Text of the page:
Jinger Howell of Yo Momma’s Apron Strings makes one-of-a-kind aprons at her home in Bowdoin. Daryn Slover/Sun Journal Buy this Photo

BOWDOIN — Jinger Howell buys fabric by the single yard — a whimsical floral, a bold geometric pattern, an eclectic print. She picks a style — the 1947 halter, the criss cross, the 1920s flapper — and sews one-of-a-kind vintage aprons.

She’s Yo Momma’s Apron Strings.

The business started simply enough nine years ago before growing into two bedrooms and a playroom converted to Yo Momma’s home base.

“I grew up with antique-loving parents, so that sets the stage for my affinity for things vintage and antique,” said Howell. “It started because I wanted an apron, a), and b) I wanted a vintage apron, and c) I wanted to make it myself.”

She looked for vintage patterns, gathered material and . . .

“It was kind of a mess,” Howell said. “So that was the apron I kept, and just kept going. I’ve always liked sewing. It just really appealed to me, so I just kept making aprons. And then, when you have too many aprons, you’ve got to do something with them, right?”

Not long after, her neighbor, Karen Marston at the Bowdoin Baking Co., encouraged her to apply for space at the Brunswick Winter Market in the Fort Andross Mill.

The aprons found a nice home there, she said. That’s also where the apron stories started: My grandmother used to wear one like this, my mother wore one like that.

“There’s a lot of memories involved in aprons,” Howell said. “Aprons were just a part of history. Women were always wearing aprons to protect their clothes because you couldn’t just throw your clothes in the washing machine for most of the history of humans and aprons and clothes.”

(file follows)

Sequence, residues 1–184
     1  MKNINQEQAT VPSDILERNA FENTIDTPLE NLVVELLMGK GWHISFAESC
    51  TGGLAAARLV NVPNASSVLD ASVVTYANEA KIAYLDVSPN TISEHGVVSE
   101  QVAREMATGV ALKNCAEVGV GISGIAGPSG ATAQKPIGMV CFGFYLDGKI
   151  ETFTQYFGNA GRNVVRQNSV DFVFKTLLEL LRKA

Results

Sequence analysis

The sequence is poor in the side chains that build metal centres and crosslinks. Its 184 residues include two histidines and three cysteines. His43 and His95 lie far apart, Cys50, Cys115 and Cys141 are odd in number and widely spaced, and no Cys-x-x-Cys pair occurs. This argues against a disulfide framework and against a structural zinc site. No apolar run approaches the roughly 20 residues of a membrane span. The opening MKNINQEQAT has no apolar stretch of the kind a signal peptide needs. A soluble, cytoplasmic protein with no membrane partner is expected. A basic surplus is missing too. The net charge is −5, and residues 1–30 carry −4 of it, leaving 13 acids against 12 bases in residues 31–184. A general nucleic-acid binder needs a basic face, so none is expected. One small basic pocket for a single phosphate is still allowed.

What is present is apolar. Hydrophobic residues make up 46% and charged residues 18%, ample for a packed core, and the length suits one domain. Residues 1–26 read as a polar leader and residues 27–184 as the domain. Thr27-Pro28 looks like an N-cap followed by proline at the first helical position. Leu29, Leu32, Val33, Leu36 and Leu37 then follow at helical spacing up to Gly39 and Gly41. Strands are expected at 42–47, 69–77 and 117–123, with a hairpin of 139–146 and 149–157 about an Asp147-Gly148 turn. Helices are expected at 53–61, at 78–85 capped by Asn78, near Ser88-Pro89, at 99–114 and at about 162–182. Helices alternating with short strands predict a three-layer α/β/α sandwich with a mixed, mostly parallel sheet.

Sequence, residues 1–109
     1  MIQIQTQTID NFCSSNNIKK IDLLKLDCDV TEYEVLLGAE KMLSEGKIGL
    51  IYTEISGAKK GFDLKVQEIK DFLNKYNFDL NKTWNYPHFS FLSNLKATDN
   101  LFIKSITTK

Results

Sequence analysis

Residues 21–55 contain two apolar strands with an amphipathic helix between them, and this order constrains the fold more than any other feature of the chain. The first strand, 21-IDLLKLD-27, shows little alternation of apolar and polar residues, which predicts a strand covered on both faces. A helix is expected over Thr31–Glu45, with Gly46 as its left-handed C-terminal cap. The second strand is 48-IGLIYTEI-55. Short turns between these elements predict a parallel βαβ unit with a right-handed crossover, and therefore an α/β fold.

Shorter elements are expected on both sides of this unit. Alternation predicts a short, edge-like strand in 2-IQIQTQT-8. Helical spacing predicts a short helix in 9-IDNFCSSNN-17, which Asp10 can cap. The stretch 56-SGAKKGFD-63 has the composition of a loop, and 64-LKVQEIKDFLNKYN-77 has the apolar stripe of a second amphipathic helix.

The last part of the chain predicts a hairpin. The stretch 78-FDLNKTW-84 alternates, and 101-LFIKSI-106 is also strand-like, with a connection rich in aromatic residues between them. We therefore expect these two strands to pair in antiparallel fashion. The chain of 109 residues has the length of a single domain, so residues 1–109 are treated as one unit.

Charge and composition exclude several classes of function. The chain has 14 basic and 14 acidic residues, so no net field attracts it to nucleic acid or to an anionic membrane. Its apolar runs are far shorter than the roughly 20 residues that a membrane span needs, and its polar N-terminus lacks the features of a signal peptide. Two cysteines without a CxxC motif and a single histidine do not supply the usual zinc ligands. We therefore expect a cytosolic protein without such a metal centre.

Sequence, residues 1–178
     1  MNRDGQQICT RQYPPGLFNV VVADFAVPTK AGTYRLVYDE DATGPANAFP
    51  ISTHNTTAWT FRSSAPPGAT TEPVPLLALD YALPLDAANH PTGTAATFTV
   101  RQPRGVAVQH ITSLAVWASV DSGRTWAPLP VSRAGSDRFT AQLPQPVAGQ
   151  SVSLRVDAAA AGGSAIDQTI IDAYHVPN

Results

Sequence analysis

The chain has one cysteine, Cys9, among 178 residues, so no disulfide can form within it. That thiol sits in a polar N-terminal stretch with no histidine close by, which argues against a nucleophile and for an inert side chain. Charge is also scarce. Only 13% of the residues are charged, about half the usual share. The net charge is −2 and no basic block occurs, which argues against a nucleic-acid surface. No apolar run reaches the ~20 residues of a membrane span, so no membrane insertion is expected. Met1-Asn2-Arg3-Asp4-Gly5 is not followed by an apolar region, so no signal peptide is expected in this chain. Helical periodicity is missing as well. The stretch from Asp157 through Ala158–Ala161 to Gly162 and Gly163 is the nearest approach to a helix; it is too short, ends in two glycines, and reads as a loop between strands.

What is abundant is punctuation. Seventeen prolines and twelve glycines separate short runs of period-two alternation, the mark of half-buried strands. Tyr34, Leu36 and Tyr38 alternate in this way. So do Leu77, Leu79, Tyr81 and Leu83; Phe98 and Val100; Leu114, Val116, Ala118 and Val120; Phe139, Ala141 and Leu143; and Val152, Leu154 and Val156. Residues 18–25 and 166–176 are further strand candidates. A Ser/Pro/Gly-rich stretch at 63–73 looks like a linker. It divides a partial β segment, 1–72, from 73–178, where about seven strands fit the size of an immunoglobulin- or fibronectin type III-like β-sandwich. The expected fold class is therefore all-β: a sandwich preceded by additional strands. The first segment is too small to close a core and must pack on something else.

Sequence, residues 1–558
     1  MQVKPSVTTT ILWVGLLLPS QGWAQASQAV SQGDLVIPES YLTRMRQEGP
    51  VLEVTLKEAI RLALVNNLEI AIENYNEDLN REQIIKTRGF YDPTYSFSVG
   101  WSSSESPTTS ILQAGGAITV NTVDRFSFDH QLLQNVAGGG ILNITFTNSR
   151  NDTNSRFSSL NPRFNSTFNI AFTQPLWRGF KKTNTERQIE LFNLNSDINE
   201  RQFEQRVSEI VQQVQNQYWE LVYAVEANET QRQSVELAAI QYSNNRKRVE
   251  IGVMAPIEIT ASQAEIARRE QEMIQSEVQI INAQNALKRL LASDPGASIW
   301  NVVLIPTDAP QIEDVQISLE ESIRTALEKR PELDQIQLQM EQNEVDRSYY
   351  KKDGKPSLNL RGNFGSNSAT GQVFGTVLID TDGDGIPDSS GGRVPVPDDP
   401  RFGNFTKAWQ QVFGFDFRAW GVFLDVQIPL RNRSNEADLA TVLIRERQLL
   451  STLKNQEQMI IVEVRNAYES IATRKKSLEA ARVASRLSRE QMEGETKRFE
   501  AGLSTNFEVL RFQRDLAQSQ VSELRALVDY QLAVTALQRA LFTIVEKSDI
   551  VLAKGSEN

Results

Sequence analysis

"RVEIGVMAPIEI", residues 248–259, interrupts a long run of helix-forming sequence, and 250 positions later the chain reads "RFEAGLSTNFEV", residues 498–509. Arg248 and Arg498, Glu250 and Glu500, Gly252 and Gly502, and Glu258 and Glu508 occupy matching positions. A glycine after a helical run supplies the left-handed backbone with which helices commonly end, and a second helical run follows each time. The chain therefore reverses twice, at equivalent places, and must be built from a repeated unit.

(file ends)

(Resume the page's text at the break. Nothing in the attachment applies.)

Howell has more than half a dozen styles, plus half-aprons and one design she’s licensed for the rights to produce: The Bapron, a bib-meets-apron that’s difficult to wiggle out of. She’s had people send in their own fabric or ask for a specific look.

“Replicating grandma’s apron — I’ll do what I can,” Howell said. “The really fun part is when people have a specific type of apron that they want to make that I don’t normally make, so doing custom aprons and tweaking designs, it’s great fun, because it’s a challenge sometimes.

“In fact, I just did two that were a rather large challenge, but she’s happy with them, so hooray for that,” she said. “She wanted a harvest apron, so with specific types of pockets, some that were pleated so that they open up, you can put more produce in them, some smaller so she could keep tools in them. She didn’t want it to tie behind her neck, so I adapted that, so just kept making changes.”

Due to the pandemic, Howell is taking the winter off at the Brunswick market, instead sewing up inventory for her website and posting pictures as she goes. Her oldest daughter is her most frequent model.

She can make one apron, from cutting the pattern to securing the last tag, out of a yard of fabric in about two hours. The exceptions to the one-of-a-kind rule: Linen aprons and kid aprons. She shops sales and stores like Marden’s always looking for new fabric.

“I would say the majority of people buy them as gifts, but I love it, love it, love it when somebody comes in and wants one for themselves,” Howell said. “They know what they like when they’re buying for themselves.”

She retired this year from Merrymeeting Adult Education after 15 years, “so I’m cooking a lot more, wearing lots of aprons, dirtying lots of aprons,” Howell said. As for Yo Momma’s, “It’s all a side hustle.”

But a fun one.

“Buying the fabric is way fun, and then I get to try it on,” Howell said. “I’m always the first one to try the apron on to see how it looks, so that’s really fun. Most of the aprons I keep are mistakes.”


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